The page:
Focus on the Facts: Be a Nutrition Fact Finder

NOTE: The following giveaway is open to Canadians only.

I’ll never forget when my family – and really, Canadians as a nation – learned about serving sizes.

The year was 2003. Before then, it was not mandatory for packaged goods sold in Canada to display nutritional information of the contents. And so, for many years, we simply helped ourselves to a portion we considered fit, without knowing exactly how we were impacted by our choices. When serving sizes were listed on the label – among other things, such as number of calories, amount of fat, etc. – we all took a step back.

Like, whoa.

Suddenly, many Canadians received a wake up call when it came to consumption habits. While the information on the nutrition facts label helped guide our understanding of portion sizes, it also helped us make better food choices. Suddenly, words like “calorie counting” become synonymous with dieting, and the demand for fat-free snacking foods and sugar-free beverages was at an all-time high. For better or for worse, we were informed.

Today, the Nutrition Facts table, found on most packaged food products in Canada, is key to making more informed food choices for you and your family. With the help of my little Nutrition Facts Finder (note the detective hat and magnifying glass!), we’re going to make it easy for you to focus on facts!
_DSC1497Step 1: Start with Serving Size. You can find the Serving Size under the header “Nutrition Facts”. Remember, if you eat a different amount than the serving size, you will need to adjust the corresponding information in the Nutrition Facts table. 

When comparing one packaged food to another, always check to see if serving sizes are consistent across both products. Often one will look “healthier” when it comes to nutritional content – but that’s only because the serving size is smaller!
_DSC1504Step 2: Find out the Percent Daily Value. You can find the % Daily Value on the right side of the Nutrition Facts table, and this will tell you if the Serving Size has a little or a lot of a nutrient. But, how do you know what a little – or a lot – amounts to? Here’s your cheat sheet.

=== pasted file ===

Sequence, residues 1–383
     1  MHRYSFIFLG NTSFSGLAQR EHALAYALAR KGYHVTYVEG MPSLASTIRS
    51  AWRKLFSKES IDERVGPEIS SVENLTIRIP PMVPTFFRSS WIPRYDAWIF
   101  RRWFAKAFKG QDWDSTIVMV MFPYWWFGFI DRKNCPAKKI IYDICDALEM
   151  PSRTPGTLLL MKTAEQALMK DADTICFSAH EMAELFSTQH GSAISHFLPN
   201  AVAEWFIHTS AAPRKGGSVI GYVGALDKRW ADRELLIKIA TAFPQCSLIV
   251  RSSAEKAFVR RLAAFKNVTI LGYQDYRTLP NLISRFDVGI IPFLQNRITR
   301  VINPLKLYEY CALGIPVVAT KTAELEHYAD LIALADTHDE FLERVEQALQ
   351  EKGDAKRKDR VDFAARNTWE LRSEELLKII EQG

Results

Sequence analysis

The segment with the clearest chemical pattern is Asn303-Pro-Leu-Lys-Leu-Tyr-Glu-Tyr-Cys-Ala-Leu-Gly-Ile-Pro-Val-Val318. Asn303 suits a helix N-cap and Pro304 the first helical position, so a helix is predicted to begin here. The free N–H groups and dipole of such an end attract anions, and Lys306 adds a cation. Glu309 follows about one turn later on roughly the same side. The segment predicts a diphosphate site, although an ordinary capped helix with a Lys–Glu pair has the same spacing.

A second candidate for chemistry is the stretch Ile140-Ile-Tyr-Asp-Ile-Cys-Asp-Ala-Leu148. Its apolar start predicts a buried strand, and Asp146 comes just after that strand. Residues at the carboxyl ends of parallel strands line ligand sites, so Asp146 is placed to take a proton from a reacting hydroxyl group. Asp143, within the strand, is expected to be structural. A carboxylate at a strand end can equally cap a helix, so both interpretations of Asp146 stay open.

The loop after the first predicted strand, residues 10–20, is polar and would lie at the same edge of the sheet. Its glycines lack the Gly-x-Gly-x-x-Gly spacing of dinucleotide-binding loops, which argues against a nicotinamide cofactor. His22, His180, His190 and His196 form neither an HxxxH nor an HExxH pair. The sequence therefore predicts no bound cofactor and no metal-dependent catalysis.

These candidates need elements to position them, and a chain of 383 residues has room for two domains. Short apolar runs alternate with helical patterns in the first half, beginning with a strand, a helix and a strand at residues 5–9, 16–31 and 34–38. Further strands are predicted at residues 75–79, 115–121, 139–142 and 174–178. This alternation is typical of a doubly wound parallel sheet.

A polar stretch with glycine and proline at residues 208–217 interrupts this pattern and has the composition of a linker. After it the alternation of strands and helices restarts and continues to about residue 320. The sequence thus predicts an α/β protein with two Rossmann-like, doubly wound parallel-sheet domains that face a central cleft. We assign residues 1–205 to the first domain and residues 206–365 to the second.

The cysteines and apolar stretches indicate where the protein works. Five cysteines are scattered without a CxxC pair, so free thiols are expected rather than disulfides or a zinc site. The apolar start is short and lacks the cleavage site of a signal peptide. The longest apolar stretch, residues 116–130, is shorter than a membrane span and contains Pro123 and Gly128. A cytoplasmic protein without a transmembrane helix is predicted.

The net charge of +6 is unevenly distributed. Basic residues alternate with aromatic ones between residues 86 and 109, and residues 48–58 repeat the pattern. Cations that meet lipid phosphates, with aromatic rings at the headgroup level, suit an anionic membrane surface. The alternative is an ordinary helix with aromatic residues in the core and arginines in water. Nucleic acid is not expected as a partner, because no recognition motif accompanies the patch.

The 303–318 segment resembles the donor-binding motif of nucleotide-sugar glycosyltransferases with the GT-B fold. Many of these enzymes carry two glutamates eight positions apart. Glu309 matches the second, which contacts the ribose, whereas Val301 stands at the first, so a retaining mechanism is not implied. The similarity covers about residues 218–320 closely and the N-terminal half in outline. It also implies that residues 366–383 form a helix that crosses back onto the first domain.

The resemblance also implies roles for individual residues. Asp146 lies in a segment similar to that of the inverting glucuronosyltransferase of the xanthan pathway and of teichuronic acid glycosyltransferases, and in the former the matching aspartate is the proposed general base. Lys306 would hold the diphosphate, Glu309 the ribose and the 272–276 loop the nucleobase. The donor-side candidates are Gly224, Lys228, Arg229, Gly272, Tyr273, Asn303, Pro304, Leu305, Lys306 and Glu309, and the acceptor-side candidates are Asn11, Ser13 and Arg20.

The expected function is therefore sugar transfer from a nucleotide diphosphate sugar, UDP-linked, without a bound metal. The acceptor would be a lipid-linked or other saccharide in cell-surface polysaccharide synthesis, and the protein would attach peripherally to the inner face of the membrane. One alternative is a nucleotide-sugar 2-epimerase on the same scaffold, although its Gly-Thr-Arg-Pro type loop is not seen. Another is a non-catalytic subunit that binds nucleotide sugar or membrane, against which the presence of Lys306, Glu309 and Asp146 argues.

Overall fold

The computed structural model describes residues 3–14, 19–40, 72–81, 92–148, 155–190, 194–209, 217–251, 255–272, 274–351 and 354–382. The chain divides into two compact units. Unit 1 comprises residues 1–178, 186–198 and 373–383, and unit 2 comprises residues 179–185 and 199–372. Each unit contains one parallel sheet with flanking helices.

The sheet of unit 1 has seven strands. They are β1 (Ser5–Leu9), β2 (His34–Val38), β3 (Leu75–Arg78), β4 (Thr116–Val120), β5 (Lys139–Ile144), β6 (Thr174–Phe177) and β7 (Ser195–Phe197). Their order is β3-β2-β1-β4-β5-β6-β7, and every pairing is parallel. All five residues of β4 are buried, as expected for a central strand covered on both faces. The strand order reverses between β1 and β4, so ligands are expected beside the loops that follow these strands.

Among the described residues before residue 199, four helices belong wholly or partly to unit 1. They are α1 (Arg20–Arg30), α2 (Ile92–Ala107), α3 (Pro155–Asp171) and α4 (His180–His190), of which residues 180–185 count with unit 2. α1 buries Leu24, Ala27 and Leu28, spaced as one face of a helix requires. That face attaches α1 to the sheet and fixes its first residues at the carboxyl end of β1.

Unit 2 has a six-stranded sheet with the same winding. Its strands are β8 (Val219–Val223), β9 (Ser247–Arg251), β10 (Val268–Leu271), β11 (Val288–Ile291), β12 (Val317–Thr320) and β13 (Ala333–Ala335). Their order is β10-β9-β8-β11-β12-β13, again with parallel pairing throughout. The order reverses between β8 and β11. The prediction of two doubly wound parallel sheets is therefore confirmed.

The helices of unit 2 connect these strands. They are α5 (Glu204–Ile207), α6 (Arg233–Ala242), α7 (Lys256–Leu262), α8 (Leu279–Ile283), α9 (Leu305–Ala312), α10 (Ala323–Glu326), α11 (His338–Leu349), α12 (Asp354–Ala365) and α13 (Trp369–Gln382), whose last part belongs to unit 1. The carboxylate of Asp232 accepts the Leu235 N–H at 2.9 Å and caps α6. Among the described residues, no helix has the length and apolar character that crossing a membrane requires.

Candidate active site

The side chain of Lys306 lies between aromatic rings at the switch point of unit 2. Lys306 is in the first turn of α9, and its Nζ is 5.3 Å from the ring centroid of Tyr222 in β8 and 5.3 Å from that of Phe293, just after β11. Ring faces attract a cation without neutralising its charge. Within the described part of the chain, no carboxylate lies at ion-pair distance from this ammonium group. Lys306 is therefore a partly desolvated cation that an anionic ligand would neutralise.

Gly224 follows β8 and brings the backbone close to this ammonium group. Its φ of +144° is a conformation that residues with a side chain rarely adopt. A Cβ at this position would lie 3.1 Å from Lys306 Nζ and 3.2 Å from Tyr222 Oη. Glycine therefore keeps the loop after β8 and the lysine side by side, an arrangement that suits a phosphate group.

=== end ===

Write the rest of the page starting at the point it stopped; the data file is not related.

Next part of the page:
Consider 5% daily value or less as a little, and 15% daily value or more as a lot. So, you may want a small percent daily value of saturated and trans fat and sodium, whereas you’ll look for higher percentages of fibre, Vitamin A, calcium and/or iron. _DSC1501Step 3: Look at a Nutrient. This one’s a no-brainer; choose packaged foods that have more of the nutrients you want and less of the nutrients you don’t. Using the percent daily value explained above, compare products to find the one that suits your nutritional preferences. Sometimes, I’ll find two packaged goods that have relatively the same nutritional makeup but one will outshine the other in terms of added nutrients.

My advice? Try copying the Nutrition Facts table from some of your favourite foods. When you write it out, you tend to gain a deeper appreciation for what is going into your body.
_DSC1506I’ve always been a label reader – since they came out years ago! – but I understand that some of my readers may not be as keen on dissecting their food. So, if I’ve piqued your interest and you want to learn more, be sure to visit You’ll find a ton of useful information and will even have the chance to win a $300 grocery gift card! You can also learn more about how to read the Nutrition Facts table and its benefits by visiting

Your family comes first in every decision you make. Focus on the facts to feel good about your food choices!
_DSC1510One lucky reader will win a $100 Walmart Canada gift card! To enter, simply fill the form below with your qualifying entries. Good luck!

This post is sponsored by Food & Consumer Products of Canada. The opinions on this blog are my own.

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